Definition: deception; trickery
Definition: deception; trickery
Sentences Containing 'artifice'
And all these lines, without the artifice being too apparent, give that well knit, dignified look so in harmony with the nature of the subject.
Its size making it difficult for it to be got comfortably within the field of vision, every artifice has to be used to give it``breadth of treatment,''as it is called, and nothing interferes with this like detail.
But all artifice in art must be concealed,#a picture obviously composed is badly composed#.
This concealment of all artifice, this artlessness and spontaneity of appearance, is one of the greatest qualities in a composition, any analysis of which is futile.
Dantes dug away the earth carefully, and detected, or fancied he detected, the ingenious artifice.
Now listen to me, Maximilian; if by artifice, by entreaty, by accident in short, if by any means I can delay this marriage, will you wait?''
The count's first idea was that this was an artifice a gross deception, to draw his attention from a minor danger in order to expose him to a greater.
It has accordingly been the effect of violence and artifice.
He thought more of Bernardo del Carpio because at Roncesvalles he slew Roland in spite of enchantments, availing himself of the artifice of Hercules when he strangled Antaeus the son of Terra in his arms.
Naturalists tell us that the ermine is a little animal which has a fur of purest white, and that when the hunters wish to take it, they make use of this artifice.
This being so, thou must remember that I am now labouring under that infirmity which women sometimes suffer from, when the craving seizes them to eat clay, plaster, charcoal, and things even worse, disgusting to look at, much more to eat; so that it will be necessary to have recourse to some artifice to cure me; and this can be easily effected if only thou wilt make a beginning, even though it be in a lukewarm and make-believe fashion, to pay court to Camilla, who will not be so yielding that her virtue will give way at the first attack: with this mere attempt I shall rest satisfied, and thou wilt have done what our friendship binds thee to do, not only in giving me life, but in persuading me not to discard my honour.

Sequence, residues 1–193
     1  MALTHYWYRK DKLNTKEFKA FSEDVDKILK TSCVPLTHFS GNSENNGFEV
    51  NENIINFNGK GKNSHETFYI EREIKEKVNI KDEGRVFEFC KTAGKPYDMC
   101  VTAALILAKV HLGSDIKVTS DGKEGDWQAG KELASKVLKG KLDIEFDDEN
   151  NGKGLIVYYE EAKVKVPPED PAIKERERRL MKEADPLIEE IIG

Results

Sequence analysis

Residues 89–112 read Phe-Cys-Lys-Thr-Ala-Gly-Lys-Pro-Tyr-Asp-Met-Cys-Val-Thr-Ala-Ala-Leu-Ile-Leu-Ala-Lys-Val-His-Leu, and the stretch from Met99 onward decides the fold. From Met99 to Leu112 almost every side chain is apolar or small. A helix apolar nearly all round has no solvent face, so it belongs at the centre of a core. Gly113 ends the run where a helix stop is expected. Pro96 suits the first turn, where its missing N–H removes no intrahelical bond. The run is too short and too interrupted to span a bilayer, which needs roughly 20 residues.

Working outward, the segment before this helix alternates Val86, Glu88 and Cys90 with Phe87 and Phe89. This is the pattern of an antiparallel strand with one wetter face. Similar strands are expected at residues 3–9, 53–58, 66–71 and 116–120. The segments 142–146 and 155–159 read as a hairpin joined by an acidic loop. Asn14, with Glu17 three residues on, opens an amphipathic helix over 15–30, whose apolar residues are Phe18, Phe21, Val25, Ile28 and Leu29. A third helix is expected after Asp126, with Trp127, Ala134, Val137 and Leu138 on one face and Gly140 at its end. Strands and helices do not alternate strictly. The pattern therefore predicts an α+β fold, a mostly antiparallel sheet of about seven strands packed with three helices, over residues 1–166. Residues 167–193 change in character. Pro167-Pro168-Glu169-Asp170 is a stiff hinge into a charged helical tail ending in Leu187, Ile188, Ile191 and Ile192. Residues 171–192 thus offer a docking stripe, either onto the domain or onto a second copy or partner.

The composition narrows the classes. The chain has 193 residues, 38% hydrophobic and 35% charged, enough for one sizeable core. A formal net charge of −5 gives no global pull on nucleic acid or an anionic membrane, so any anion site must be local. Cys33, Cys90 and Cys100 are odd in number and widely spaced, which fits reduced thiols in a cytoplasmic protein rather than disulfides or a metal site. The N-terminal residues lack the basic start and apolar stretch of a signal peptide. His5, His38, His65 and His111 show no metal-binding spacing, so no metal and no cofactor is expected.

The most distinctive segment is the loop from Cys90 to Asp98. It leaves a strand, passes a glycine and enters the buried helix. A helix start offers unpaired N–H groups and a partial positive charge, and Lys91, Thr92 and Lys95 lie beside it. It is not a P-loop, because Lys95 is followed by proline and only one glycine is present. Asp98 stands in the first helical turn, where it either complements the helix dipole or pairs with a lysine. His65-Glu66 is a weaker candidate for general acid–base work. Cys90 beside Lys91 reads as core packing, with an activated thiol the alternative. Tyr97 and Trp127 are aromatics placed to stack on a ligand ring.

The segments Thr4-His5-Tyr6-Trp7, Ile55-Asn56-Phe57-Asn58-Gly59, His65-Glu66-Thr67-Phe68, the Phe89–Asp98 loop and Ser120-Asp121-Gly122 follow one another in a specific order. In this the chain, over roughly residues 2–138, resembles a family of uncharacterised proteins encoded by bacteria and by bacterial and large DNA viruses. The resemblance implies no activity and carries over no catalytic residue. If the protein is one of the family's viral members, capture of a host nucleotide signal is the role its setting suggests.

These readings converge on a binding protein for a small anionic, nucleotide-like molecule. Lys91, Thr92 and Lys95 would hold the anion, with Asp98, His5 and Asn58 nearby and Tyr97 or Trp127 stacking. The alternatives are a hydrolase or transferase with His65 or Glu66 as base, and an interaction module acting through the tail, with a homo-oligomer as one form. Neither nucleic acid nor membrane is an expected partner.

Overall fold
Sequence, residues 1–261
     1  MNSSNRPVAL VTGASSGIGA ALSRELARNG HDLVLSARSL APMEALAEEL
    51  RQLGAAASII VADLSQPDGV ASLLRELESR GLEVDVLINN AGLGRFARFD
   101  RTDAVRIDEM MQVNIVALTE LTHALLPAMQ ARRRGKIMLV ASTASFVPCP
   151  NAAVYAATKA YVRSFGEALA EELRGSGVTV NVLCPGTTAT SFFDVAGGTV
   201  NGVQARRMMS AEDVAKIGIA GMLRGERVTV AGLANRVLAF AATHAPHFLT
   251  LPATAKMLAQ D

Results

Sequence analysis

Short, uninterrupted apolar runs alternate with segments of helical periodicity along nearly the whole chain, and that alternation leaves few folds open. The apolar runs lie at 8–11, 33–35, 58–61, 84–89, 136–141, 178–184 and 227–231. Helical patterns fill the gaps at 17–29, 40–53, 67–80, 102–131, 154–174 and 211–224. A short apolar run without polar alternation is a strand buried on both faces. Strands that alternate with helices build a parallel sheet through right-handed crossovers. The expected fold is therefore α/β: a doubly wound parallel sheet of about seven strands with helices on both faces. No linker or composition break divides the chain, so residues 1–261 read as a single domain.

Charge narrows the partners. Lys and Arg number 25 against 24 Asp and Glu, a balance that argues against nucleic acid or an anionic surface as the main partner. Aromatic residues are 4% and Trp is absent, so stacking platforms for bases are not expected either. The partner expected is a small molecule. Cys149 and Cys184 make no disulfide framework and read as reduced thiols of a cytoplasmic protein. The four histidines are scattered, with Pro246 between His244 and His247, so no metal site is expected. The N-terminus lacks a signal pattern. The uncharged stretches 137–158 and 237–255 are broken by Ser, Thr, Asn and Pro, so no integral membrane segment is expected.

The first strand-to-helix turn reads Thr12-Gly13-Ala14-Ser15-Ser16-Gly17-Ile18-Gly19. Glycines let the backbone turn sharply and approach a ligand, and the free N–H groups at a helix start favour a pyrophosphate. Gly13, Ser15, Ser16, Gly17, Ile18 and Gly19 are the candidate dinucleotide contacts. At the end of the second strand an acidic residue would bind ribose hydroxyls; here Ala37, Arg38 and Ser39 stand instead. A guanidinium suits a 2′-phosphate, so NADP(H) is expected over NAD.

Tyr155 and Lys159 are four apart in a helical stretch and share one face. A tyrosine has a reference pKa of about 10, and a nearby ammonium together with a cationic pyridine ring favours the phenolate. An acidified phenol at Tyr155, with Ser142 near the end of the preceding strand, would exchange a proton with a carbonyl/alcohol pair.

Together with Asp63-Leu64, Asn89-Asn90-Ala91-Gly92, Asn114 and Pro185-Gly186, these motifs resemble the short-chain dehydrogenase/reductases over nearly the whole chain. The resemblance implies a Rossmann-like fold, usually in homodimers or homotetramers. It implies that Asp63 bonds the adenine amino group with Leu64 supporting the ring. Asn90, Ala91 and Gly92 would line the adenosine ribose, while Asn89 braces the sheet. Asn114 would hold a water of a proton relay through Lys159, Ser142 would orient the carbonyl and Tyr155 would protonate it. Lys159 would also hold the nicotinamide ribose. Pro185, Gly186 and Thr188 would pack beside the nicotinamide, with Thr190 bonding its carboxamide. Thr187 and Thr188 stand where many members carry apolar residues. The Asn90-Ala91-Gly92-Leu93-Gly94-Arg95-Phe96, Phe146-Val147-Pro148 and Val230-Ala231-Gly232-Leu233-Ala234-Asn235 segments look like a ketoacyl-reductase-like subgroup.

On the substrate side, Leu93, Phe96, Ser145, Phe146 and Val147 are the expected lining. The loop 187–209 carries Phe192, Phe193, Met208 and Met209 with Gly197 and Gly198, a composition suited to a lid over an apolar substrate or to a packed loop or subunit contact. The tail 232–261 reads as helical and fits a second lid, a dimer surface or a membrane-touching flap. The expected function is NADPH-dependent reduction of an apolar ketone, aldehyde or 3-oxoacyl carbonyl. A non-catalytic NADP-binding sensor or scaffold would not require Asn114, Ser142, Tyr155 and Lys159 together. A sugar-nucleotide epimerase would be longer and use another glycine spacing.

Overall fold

You would in vain object to me the difficulty, and almost impossibility of deceiving the world in an affair of such consequence; the wisdom and solid judgement of that renowned queen; with the little or no advantage which she could reap from so poor an artifice: All this might astonish me; but I would still reply, that the knavery and folly of men are such common phenomena, that I should rather believe the most extraordinary events to arise from their concurrence, than admit of so signal a violation of the laws of nature.
I observe (said I, finding he had finished his harangue) that you neglect not the artifice of the demagogues of old; and as you were pleased to make me stand for the people, you insinuate yourself into my favour by embracing those principles, to which, you know, I have always expressed a particular attachment.
In this coffer, his riches hid themselves with such a tenacious modesty, that the smallest instalments could only be tempted out by artifice; so that Peggotty had to prepare a long and elaborate scheme, a very Gunpowder Plot, for every Saturday's expenses.
Nothing is farther from my thoughts than to attribute any degree of artifice to Mr. jorkins.
More Vocab Words::: swipe - hit with a sweeping motion; N.
::: temperament - characteristic frame of mind; disposition; emotional excess; ADJ. temperamental: of temperament; having frequent changes of temper; Ex. temperamental dislike of sports; Ex. temperamental actress
::: flick - light stroke as with a whip; V: move with a light quick blow; strike with a light quick blow (as from a whip); Ex. flick the switch
::: extirpate - root up; uproot; destroy completely
::: bountiful - generous; graciously generous; showing bounty
::: raiment - clothing; garments; Ex. I have no raiment fit to wear.
::: bleak - cold or cheerless; frigid; unlikely to be favorable; depressing
::: misconduct - immoral behavior; bad management; V.
::: exchequer - treasury; Ex. Chancellor of the exchequer
::: docket - program as for trial; book where such entries are made; list of things to be done; agenda; label fixed to a package listing contents or directions; V: describe in a docket